Glasgow & West Scotland

Scottish Ten 3D project to scan Nagasaki Crane

Nagasaki Giant Cantilever Crane Image copyright Historic Scotland
Image caption The crane is located in the heart of Nagasaki harbour and is regularly still used by the Mitsubishi Group

An iconic crane designed and built in Scotland which sits in the heart of Nagasaki harbour in Japan is to be scanned as part of a digital project.

The pioneering Scottish Ten initiative was set up to produce 3D records of well-known landmarks.

Scotland's five UNESCO world heritage sites have already been mapped, along with other international sites, including the Sydney Opera House.

The Nagasaki Giant Cantilever Crane is the last location to be scanned.

The crane was built in 1909 and was ordered on the advice of Fraserburgh-born Thomas Blake Glover, who is regarded as a key figure in the industrialisation of Japan in the late 19th and early 20th centuries.

It was designed by the Glasgow Electric Crane and Hoist Company and constructed by the Motherwell Bridge Company.

It is still regularly used by the Mitsubishi group, and is a major landmark within Nagasaki harbour. It joins four other international heritage sites and Scotland's five UNESCO World Heritage Sites to be scanned by the innovative five-year project.

Fiona Hyslop, Cabinet Secretary for Culture and External Affairs, announced that the crane would be the final site to be laser scanned for the Scottish Ten project during the Edinburgh International Culture Summit at the Scottish Parliament.

Image copyright Mitsubishi Heavy Industries
Image caption The Crane was built and erected by the Motherwell Bridge Company in 1909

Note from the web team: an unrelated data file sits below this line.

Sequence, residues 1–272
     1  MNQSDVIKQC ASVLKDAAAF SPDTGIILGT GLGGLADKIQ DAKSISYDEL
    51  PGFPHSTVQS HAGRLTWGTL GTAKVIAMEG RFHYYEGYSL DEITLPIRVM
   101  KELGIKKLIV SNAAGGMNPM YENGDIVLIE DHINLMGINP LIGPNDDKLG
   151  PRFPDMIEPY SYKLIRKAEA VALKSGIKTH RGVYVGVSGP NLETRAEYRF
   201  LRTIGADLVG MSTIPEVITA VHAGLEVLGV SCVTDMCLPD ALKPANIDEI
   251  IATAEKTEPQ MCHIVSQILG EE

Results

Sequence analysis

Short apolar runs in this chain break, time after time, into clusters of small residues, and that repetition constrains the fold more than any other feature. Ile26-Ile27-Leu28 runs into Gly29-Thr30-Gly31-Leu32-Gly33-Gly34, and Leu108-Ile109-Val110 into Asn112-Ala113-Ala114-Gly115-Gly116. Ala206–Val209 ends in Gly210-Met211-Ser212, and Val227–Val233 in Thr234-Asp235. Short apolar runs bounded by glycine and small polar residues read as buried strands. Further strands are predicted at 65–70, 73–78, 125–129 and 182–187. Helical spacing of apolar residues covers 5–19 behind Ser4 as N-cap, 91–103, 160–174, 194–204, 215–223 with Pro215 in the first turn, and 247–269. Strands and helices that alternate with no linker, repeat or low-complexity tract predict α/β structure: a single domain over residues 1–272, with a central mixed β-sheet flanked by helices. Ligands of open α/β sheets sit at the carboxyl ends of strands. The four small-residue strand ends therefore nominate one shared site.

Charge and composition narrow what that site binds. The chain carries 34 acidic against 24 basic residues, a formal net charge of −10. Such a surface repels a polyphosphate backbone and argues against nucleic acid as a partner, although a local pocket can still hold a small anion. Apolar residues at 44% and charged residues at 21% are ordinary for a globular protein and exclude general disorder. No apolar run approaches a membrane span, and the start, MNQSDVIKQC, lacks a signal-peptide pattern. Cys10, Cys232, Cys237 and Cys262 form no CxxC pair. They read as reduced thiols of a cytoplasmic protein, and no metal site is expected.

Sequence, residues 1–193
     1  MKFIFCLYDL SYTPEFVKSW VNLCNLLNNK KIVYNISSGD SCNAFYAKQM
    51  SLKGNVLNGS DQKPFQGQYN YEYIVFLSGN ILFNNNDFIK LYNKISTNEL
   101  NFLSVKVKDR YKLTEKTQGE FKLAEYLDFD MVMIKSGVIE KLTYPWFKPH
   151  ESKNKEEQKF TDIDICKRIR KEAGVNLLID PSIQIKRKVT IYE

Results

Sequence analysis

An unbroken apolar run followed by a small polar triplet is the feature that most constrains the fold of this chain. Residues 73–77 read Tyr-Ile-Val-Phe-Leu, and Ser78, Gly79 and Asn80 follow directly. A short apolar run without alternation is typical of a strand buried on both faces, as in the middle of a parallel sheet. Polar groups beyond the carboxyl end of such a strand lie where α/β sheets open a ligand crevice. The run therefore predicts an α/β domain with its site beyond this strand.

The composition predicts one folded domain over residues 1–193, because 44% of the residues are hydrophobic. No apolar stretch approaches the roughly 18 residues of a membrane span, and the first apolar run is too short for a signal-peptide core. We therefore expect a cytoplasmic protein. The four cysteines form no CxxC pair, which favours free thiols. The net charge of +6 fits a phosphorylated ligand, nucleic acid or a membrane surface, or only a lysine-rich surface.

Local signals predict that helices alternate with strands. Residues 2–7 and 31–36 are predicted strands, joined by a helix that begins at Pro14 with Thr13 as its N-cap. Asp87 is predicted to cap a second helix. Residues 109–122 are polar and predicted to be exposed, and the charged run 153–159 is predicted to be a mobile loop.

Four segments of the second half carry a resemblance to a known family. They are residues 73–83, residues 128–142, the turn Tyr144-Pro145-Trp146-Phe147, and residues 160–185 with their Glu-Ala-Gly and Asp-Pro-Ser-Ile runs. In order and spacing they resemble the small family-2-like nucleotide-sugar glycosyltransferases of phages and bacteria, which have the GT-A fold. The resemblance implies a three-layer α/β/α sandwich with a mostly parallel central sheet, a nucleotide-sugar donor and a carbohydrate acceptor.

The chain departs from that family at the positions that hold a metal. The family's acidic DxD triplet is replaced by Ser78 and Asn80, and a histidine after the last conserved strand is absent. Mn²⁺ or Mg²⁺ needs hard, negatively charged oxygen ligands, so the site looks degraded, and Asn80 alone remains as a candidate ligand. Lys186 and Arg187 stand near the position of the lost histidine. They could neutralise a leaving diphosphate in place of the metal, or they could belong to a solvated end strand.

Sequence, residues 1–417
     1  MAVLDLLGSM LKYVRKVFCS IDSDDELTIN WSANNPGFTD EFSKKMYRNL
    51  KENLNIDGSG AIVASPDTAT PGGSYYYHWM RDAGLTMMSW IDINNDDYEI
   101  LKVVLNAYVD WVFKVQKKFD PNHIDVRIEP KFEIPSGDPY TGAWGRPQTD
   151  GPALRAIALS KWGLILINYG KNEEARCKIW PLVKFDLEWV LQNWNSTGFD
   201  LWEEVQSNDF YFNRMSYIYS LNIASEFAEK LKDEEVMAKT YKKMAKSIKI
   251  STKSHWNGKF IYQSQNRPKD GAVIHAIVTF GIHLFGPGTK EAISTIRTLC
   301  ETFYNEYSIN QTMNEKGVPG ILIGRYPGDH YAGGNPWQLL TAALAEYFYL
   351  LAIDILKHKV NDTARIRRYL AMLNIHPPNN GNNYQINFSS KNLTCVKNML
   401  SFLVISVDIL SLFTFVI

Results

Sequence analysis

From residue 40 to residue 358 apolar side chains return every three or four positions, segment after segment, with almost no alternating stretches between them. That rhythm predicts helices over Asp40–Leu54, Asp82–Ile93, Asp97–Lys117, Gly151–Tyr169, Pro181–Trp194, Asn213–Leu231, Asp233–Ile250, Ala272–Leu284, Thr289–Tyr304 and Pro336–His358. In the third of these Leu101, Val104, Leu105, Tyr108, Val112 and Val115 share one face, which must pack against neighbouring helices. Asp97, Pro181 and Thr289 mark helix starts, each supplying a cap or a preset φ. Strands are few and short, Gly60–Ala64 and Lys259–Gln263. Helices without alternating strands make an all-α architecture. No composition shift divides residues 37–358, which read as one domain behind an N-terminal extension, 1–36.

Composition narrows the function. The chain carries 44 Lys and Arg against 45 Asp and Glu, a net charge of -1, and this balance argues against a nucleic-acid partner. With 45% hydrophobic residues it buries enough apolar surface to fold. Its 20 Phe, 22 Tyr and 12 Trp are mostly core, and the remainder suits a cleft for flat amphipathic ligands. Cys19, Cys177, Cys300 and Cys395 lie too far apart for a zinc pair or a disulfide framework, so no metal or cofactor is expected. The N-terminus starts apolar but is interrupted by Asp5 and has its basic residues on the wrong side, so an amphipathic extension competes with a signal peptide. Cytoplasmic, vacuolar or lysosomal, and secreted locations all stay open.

She said: "Scotland and Japan have longstanding cultural links, particularly in Nagasaki, thanks to our own Thomas Blake Glover (the 'Scottish Samurai') whose innovation and foresight is still celebrated today. This crane is a fitting symbol of Scotland's engineering prowess and of her influence across the world.

"More than 100 years on from its construction by Scottish designers and engineers, we are sending a team of modern-day experts to digitally record and document this impressive structure.

"The information they generate will not only assist current and future generations in the care and conservation of the crane, but will also help promote a wider appreciation, both of its design and operation, and of the exemplary maintenance regime that has ensured it continues to work every day."

3D visualisation

The Nagasaki Crane is one of only 11 of its kind known to survive, including the Titan Crane in Clydebank.

The Scottish Ten is a collaboration between specialists at Historic Scotland, experts in 3D visualisation at The Glasgow School of Art's Digital Design Studio, and not-for-profit digital heritage organisation CyArk.

The sites already laser scanned and recorded include New Lanark, St Kilda, the Old and New Towns of Edinburgh, the Antonine Wall and Neolithic Orkney.

Mount Rushmore in South Dakota, China's Eastern Qing Tombs, Rani ki Vav (Queens Stepwell) in Gujarat, India, and Sydney Opera House are the four other international sites which have been digitally mapped.

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